“Stuart Pendred was an utterly magnificent Amfortas. Ashen-faced, leaning on a cane, inching forward step by anguished step, unwillingly seeking brief release in his opium pipe, this was an unforgettable portrayal of a strong man felled by pain.”
(Katie Barnes)

“Stuart Pendred rose up before me- a powerful, formidable, tortured Sweeney, his pain was palpable throughout as he led us on his horrific journey.”
(Teresa Howard)

The Minnesingers were excellent, notably Stuart Pendred as a bold and well-focused Biterolf…”
(Mark Ronan)

“Stuart Pendred’s Hagen was a suitably dark and malevolent presence, key to the slow unravelling of the whole doomed edifice.”
(The Guardian / Rian Evans)

“…as Hagen, Stuart Pendred gave a fine portrayal of careful cunning, while also assuming the role of a gang boss, as when he calls up the vassals in Act II. His diction was brilliantly clear, and at the end of the second scene in Act I his voice swelled with the orchestra as he carried his breath beautifully into the words des Niblungen Sohn.”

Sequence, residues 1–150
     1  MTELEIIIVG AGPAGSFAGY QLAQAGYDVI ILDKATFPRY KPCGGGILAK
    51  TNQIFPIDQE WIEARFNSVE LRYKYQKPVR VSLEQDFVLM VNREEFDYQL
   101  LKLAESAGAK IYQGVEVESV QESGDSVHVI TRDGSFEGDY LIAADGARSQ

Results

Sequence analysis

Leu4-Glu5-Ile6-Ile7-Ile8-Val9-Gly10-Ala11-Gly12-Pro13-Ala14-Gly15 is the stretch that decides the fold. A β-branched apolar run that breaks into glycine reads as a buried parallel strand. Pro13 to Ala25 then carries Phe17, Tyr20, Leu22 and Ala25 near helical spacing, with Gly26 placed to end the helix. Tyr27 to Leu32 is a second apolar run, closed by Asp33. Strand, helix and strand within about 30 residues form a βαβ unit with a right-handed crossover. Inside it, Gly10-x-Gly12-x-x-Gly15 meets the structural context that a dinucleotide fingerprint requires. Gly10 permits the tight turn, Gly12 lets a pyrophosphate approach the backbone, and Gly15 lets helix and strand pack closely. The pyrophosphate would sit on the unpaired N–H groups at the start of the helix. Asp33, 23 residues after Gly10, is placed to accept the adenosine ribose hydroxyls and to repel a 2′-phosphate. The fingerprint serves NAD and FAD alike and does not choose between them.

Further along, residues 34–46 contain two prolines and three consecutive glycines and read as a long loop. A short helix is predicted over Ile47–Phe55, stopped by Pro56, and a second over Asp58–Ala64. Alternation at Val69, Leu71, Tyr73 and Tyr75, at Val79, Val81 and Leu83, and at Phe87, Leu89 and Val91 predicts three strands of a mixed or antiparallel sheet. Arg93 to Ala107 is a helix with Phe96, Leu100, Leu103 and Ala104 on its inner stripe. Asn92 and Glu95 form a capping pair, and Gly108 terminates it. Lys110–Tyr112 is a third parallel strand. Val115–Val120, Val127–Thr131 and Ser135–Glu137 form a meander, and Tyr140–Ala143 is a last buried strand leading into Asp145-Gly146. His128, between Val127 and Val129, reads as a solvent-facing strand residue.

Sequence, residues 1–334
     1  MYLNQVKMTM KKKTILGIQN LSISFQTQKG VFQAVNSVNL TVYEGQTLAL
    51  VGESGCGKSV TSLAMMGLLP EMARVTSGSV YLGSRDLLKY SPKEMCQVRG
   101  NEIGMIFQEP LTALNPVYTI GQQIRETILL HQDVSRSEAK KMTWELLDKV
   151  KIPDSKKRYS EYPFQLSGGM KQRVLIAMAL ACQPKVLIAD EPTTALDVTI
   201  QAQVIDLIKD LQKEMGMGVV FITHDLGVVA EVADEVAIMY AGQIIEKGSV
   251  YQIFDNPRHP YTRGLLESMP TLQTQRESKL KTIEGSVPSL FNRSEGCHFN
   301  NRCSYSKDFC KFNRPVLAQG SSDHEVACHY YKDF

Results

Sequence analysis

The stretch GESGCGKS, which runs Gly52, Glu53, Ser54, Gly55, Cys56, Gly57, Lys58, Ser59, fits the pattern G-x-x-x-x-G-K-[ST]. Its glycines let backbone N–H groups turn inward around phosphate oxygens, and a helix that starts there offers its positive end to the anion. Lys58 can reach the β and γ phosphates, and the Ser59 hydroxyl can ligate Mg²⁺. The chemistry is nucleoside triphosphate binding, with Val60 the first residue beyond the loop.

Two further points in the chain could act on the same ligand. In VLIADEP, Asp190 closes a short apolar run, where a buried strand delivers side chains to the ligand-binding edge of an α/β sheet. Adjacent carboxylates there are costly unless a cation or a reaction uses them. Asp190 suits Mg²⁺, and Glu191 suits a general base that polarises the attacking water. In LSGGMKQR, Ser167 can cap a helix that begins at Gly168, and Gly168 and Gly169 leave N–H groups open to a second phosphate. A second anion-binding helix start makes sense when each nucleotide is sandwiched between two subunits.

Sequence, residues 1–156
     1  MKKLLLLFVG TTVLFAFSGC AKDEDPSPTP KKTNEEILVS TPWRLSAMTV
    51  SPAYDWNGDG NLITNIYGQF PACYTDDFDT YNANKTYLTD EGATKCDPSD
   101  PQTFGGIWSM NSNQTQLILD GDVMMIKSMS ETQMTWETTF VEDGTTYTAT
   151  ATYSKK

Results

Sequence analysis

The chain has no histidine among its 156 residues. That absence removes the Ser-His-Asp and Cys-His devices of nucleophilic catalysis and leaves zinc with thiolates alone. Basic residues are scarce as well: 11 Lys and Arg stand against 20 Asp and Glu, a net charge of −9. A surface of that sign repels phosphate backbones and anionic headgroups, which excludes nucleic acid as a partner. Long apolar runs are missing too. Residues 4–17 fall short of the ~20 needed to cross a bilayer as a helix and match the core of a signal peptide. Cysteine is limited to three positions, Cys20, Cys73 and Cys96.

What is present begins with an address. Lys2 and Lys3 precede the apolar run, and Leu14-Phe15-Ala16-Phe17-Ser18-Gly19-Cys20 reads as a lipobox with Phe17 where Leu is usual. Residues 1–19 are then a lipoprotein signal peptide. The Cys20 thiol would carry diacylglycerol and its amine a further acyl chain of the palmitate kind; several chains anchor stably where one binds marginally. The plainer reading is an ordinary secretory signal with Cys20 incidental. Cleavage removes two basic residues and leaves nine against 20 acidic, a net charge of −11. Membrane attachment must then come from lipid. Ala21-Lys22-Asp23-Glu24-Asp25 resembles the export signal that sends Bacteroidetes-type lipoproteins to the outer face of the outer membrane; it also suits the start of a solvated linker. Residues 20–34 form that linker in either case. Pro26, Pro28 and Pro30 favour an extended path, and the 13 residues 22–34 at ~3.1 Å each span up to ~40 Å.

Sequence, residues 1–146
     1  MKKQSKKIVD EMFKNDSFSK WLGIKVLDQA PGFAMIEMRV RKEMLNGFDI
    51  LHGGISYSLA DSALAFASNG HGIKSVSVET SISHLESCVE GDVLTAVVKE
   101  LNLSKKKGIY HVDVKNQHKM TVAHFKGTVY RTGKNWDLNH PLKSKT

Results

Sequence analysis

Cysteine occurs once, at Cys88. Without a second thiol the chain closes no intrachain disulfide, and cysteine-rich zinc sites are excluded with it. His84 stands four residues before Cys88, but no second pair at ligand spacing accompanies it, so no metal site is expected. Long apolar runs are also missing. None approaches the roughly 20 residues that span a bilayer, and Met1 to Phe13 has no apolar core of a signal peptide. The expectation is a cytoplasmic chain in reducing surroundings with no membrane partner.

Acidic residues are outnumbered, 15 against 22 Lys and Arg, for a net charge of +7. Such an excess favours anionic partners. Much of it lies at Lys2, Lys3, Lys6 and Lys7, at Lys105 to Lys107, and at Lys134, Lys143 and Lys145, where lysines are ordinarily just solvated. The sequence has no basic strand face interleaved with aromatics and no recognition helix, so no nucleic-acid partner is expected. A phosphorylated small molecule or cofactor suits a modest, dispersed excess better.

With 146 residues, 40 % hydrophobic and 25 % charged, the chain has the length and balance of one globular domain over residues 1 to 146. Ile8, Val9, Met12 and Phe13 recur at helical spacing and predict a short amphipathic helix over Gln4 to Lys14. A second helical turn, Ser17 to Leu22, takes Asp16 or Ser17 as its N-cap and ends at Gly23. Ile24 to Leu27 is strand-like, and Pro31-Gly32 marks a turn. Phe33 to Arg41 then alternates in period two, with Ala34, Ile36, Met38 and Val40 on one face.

(Mark Ronan’s Theatre Reviews)

“a palpably nasty Hagen who looks as though he’s strayed out of an episode of Wallander”
(The Telegraph / Rupert Christiansen)

“Stuart Pendred is a husky-edged, snakish Hagen”
(The Independent / Jessica Duchen)

“His voice was amazingly resonant: huge, inky-black, and tremendously incisive, and his stage presence was massively powerful. This was the discovery of the day, and I have no doubt that we will hear from him again.”
(Hagen / Götterdämmerung (scenes) / The Mastersingers Cond. David Syrus, 2011)

“She (Elaine McKrill) and Pendred created tremendous tension”

“Hagen’s offstage calls again paid tribute to Pendred’s astonishing resonance before he entered….”
(Wagner Society / Katie Barnes)

“dependably sung and characterized with the right degree of slight malice by Stuart Pendred”
(MusicalCriticism / Alastair Muir)